CASABLANCA, June 26 (Reuters)
CASABLANCA, June 26 (Reuters)
Thousands of people marched through cities in Morocco on Sunday either to protest or to support constitutional reforms proposed by King Mohammed in reaction to unrest inspired by “Arab Spring” uprisings in the Arab world.
Critics of the reforms says they do not go far enough to reduce his powers. The march against the monarch’s measures was the latest in a wave of marches in the North African state and comes days before a July 1 referendum on the reform plan.
“We reject the offers made (by the king). They keep the essence of authority in the hands of a non-elected person who will not be subject to any form of accountability,” said Hamid, a jobless 38-year-old among 7,000 protesters who marched through a working class suburb of Casablanca, Morocco’s largest city.
Aziz Yaakoubi, a member of the street movement, said two protesters were injured after being pelted with stones by a group of rival demonstrators in favour of the king’s reform.
The 47-year-old king’s move to reform were in reaction to some of the largest street protests the Arab world’s longest-serving dynasty has seen for decades. His fortunes are being watched by other monarchs, notably in the Gulf.
The new charter still allows him to name a prime minister — but this time only from the party that wins most seats at parliamentary elections — and to vet appointments of other ministers and suggest the termination of their mandates.
It explicitly grants the government executive powers, but it keeps the king at the helm of the army, religious authorities and the judiciary and still allows him to dissolve parliament, though not unilaterally as it is the case now.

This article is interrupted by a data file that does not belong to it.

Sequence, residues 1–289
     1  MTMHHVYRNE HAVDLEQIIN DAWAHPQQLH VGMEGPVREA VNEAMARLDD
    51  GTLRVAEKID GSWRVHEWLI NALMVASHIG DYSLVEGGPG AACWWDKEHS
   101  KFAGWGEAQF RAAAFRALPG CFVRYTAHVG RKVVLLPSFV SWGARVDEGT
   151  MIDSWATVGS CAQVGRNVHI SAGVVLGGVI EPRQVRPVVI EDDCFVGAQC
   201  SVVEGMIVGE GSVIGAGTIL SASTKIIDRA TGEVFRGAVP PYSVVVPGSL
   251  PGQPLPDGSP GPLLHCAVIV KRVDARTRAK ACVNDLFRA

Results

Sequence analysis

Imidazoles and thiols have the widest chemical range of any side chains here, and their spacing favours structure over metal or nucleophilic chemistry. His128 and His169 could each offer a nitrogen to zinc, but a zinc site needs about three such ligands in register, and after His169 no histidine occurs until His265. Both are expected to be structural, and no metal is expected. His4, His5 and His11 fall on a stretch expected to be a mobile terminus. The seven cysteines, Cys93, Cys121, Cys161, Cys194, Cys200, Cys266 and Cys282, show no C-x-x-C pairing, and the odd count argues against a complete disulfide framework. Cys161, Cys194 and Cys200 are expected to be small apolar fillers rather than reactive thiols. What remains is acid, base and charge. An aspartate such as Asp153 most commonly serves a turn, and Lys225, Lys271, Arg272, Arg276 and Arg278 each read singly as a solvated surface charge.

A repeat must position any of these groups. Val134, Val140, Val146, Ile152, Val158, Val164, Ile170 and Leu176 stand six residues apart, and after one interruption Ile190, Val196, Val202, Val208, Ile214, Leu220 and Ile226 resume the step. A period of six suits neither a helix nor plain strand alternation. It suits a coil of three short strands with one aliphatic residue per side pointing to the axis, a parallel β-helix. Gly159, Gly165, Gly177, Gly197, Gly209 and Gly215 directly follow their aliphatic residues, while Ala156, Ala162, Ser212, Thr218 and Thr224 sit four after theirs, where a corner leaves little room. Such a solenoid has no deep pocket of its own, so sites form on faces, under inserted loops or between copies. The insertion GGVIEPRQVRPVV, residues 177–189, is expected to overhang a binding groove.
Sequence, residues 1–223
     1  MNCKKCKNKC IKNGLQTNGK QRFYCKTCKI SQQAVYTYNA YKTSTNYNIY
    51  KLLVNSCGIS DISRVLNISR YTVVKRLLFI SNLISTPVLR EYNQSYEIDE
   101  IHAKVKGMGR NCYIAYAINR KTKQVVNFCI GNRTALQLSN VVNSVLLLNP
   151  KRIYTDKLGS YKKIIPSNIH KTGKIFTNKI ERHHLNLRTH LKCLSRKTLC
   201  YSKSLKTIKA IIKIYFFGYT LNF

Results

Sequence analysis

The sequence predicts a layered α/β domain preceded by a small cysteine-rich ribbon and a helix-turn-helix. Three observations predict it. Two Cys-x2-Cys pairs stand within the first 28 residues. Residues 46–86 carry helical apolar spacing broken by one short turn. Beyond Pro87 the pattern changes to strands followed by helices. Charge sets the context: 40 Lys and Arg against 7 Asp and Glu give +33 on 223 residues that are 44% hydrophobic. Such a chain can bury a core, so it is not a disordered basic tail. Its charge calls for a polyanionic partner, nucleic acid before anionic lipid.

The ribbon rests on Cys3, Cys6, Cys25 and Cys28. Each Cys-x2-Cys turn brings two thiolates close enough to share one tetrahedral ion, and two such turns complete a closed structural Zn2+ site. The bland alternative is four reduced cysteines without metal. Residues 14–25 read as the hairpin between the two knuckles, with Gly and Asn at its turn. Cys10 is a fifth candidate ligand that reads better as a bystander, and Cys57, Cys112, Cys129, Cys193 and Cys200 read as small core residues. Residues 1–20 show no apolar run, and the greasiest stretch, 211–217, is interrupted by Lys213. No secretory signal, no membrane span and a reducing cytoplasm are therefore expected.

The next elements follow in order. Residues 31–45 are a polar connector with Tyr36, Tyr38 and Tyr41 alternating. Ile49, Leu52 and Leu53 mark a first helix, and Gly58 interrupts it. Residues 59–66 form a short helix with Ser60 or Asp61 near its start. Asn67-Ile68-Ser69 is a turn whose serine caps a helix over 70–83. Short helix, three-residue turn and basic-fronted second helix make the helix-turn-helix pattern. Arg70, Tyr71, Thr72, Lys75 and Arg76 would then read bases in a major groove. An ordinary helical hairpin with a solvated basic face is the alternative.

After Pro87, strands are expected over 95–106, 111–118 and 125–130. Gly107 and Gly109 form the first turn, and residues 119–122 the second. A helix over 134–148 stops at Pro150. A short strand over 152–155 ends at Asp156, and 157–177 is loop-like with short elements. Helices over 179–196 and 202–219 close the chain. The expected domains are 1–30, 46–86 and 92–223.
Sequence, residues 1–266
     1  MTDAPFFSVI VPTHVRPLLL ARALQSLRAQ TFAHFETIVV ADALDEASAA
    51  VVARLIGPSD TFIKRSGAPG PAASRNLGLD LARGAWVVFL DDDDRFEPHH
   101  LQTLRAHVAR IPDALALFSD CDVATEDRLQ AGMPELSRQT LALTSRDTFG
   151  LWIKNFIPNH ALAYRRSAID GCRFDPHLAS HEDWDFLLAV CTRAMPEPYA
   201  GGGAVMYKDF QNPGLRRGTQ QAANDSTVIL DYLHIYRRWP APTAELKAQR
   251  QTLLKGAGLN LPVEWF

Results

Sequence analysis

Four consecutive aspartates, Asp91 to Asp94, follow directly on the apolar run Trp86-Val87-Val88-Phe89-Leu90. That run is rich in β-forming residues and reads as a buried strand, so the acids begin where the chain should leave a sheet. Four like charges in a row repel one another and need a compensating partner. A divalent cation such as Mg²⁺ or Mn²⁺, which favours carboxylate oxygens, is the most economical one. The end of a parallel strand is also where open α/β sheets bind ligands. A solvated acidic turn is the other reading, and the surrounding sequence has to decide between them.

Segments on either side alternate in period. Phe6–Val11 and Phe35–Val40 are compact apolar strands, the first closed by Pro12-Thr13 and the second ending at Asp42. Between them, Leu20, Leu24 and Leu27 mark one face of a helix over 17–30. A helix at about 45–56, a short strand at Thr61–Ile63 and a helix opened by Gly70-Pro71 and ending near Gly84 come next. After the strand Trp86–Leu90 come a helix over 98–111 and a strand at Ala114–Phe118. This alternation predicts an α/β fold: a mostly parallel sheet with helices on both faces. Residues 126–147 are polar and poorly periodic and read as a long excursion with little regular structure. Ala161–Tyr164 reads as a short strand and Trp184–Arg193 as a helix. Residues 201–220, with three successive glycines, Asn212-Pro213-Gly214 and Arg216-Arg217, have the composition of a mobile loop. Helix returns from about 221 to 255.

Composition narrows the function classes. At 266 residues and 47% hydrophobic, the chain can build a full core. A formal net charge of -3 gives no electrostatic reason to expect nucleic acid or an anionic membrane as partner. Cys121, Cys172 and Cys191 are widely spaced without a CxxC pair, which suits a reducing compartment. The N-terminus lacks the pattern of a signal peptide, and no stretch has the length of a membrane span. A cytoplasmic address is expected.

The Moroccan street movement — dubbed “February 20” after its founding date — has not won the mass support that toppled leaders of Tunisia and Egypt and does not demand an end to the monarchy. It focuses instead on the king’s perceived growing business influence and his tight grip on the political system.
National income per head in Morocco was $2,810 in 2009, according to the World Bank, higher than Egypt’s $2,070.
But Morocco ranks 13 places below Egypt at 117th in the United Nations’ Human Development Index, a measure of quality of life based on factors such as child welfare and life expectancy.
“Surely there is graft and a lot of oppression. But the new constitution will change everything,” said 19-year-old Casablanca resident Karim Azhari.
It will bring state education up to the same level as the private sector and it will reduce unemployment,” he said. Asked why he thought that, he replied: “That’s what they tell us.”
A smaller rally of about two thousand people opposed to the king’s proposals marched through the capital Rabat, separated from rival marchers by dozens of baton-wielding riot police.
“February 20, Game Over!” read the placard of one pro-monarch demonstrator.
Authorities on Friday ordered mosque preachers to urge worshippers to vote for the reform, saying it would be unIslamic to disobey the king, described in sermons as “God’s appointee”.
Mustapha Nazih, a cleric at a pro-reform march in Casablanca organised by Boutchichiya Zawiya, one of Morocco’s biggest and wealthiest sufi schools, said he had come all the way from the town of Beni Mellal, 300 km (190 miles) from Casablanca.
“We didn’t have to pay for the bus fare. The Islamic Affairs Ministry asked us to come to Casablanca and we did so happily.
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